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When and How Should Your Company Take a Stand?

By Bob Needham
Tags: leadership

One of the challenges companies have faced this year has been the rise in protests against systemic racism and social injustice. Should companies respond publicly to these issues? If so, how and when?

Michigan Ross faculty member and alumnus Marcus Collins background spans advertising, social media, and the intersection of brands and culture. Collins, MBA ’09/BS ’02/BSEMS ’02, offers 10 principles that can help guide companies on these issues:

  1. Be human. The stewards of the company need to muster all the humanity that resides within them and act on their convictions. When horrible things are happening, what we want to hear is that you see it and you’re standing with us. That you care.
  2. If you have something to say, say it. This is not the time for boilerplate “we stand with you” messaging, especially when the company or brand has been silent on the issue in the past. Any response from a company should address the issues and the people who are affected by the issues. 
  3. Speak out when it’s inconvenient. When gay marriage was front and center in 2012, few brands were supportive. But over time, it became in vogue. If you only speak out at that point, you're not making a statement, you're just following a trend. If you speak up when it's inconvenient, that shows conviction.
  4. Take a real stand. Your business should stand for something. You might risk alienating some people by speaking out. But even if you try to ride the middle and do nothing, there are consequences to that. People will say your silence speaks volumes. There's no way to be untouched.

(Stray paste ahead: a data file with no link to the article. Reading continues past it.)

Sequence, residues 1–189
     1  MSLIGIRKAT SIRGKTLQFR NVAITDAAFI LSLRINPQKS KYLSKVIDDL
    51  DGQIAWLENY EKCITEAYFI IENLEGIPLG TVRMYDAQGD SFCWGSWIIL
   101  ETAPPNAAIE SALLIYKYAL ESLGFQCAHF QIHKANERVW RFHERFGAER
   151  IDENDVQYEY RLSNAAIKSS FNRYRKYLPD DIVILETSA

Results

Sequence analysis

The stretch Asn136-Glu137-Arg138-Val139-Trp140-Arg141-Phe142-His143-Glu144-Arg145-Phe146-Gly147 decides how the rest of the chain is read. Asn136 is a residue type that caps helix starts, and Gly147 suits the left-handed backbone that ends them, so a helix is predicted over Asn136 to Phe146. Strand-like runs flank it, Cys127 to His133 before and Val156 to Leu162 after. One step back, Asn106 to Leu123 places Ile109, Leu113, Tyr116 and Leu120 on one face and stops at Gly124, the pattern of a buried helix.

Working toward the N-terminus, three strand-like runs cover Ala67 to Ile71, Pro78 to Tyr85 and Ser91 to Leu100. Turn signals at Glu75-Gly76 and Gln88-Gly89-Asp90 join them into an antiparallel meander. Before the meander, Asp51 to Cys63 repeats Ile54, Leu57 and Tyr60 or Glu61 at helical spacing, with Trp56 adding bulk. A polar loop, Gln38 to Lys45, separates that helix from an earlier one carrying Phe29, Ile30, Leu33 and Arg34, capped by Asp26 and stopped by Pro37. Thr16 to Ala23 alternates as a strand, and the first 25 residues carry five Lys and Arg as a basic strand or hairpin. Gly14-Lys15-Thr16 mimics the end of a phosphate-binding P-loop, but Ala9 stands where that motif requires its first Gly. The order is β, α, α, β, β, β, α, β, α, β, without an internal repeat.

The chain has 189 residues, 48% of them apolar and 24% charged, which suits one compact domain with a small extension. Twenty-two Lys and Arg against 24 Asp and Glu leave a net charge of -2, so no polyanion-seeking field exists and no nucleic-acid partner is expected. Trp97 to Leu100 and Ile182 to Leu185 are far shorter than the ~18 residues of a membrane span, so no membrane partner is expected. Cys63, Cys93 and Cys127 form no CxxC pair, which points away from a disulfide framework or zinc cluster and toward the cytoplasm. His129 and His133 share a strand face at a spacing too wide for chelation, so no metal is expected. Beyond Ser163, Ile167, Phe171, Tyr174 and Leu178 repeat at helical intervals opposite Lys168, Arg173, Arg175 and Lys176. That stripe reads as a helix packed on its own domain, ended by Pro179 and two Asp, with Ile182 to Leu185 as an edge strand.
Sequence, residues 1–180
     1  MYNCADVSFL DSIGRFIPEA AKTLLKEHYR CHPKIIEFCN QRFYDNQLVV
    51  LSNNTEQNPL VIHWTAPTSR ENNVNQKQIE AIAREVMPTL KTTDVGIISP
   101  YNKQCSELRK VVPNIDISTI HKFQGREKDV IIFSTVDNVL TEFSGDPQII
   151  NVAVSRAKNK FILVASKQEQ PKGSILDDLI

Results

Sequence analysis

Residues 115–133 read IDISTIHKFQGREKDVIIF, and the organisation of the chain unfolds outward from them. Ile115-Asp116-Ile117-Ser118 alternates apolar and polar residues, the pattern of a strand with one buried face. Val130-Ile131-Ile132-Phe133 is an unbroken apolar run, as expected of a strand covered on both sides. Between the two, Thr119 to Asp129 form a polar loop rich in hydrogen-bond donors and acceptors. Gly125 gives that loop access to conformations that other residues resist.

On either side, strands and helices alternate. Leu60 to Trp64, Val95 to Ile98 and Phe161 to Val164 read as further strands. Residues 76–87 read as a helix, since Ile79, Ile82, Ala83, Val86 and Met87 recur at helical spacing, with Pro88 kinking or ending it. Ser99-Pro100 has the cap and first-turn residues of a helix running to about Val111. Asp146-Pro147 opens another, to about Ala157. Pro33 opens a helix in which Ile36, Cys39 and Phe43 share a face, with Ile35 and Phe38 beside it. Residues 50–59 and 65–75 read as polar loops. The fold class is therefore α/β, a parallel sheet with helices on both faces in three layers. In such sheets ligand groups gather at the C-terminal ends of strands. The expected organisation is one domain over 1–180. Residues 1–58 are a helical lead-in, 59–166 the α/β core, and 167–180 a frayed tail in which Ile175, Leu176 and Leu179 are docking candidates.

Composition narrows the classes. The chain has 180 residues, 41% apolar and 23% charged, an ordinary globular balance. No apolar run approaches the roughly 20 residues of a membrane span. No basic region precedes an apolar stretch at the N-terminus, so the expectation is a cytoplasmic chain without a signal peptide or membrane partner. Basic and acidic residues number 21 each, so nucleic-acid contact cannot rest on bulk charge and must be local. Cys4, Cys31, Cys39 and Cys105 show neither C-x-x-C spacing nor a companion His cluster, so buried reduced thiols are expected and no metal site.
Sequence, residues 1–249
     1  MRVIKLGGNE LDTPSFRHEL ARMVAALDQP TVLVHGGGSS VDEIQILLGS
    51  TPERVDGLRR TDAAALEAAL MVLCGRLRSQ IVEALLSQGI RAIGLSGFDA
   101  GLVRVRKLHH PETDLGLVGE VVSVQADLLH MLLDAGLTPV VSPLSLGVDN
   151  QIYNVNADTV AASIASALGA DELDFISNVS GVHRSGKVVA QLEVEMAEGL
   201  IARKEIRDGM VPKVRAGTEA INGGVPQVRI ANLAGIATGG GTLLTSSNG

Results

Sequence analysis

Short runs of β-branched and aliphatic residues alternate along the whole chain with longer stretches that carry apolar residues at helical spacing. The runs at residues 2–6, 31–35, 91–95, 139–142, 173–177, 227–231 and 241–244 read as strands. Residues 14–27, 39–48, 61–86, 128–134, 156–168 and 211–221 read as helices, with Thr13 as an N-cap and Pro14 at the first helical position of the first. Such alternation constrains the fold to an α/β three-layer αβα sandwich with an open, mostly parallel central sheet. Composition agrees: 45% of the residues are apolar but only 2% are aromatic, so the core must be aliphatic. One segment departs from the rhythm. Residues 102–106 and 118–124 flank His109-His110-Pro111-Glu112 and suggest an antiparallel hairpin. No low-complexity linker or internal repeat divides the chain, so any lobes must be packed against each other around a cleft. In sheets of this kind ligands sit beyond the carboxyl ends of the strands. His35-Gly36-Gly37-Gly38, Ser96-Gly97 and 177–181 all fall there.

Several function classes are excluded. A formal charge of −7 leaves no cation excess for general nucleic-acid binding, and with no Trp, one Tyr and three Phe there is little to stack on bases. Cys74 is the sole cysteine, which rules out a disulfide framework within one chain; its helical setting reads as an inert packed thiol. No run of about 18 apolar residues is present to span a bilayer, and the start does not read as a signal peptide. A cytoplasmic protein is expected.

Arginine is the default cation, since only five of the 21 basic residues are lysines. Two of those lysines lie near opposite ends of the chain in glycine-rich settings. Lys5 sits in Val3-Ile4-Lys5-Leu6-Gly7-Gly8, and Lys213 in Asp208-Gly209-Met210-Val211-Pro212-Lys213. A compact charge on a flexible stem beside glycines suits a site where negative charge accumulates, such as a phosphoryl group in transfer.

5. Be authentic. Your word choices will be scrutinized, so there has to be some judiciousness and intentionality. But most importantly, the message has to come from the heart. It has to be human. When a company that says it stands for justice or something similar, it's meaningless. How do you really feel? 
  6. Know when not to speak out. If your company can’t say something meaningful, don't say anything at all. The core guideline should be: Is it real? If it's not real, don't say anything. If it's not real, you're better off just making a donation. 
  7. Act. Whether or not you say something, do something. Think about how you can help. Imagine a healthcare company sharing information on how to treat tear gas in your eyes, which protesters may need. Just help.
  8. Engage diverse perspectives. You need to have people in the room to say, “Hey, you know what? If we do this, I don't think it’s going to resonate well because of X, Y, and Z.” In complex situations, you have to understand the nuances. That requires work, and it requires people who know the different communities.
  9. Examine your own company. Companies need to ask: What do we as an organization do to perpetuate inequality? This might include hiring practices, microaggressions that exist in the organization, the way that they onboard people, or the language used when talking about a particular topic.
  10. Work to improve. Ask yourself and others: What can we change to make this better? This isn't about whether you're racist. Society expects you not to be racist as a bare minimum. This is about actively being anti-racist. As an organization, what have you done, what are you doing, what are you going to do to become anti-racist? 

Featured Faculty

Marcus Collins
  • LEO Lecturer